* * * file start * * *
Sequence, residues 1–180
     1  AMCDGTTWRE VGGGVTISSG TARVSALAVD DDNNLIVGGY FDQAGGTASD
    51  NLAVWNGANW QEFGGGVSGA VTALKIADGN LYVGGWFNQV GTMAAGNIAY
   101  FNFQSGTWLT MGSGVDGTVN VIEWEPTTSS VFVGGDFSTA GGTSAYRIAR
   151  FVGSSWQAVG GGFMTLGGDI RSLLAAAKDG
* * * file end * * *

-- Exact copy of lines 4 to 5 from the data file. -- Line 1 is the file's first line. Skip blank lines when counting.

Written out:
   101  FNFQSGTWLT MGSGVDGTVN VIEWEPTTSS VFVGGDFSTA GGTSAYRIAR
   151  FVGSSWQAVG GGFMTLGGDI RSLLAAAKDG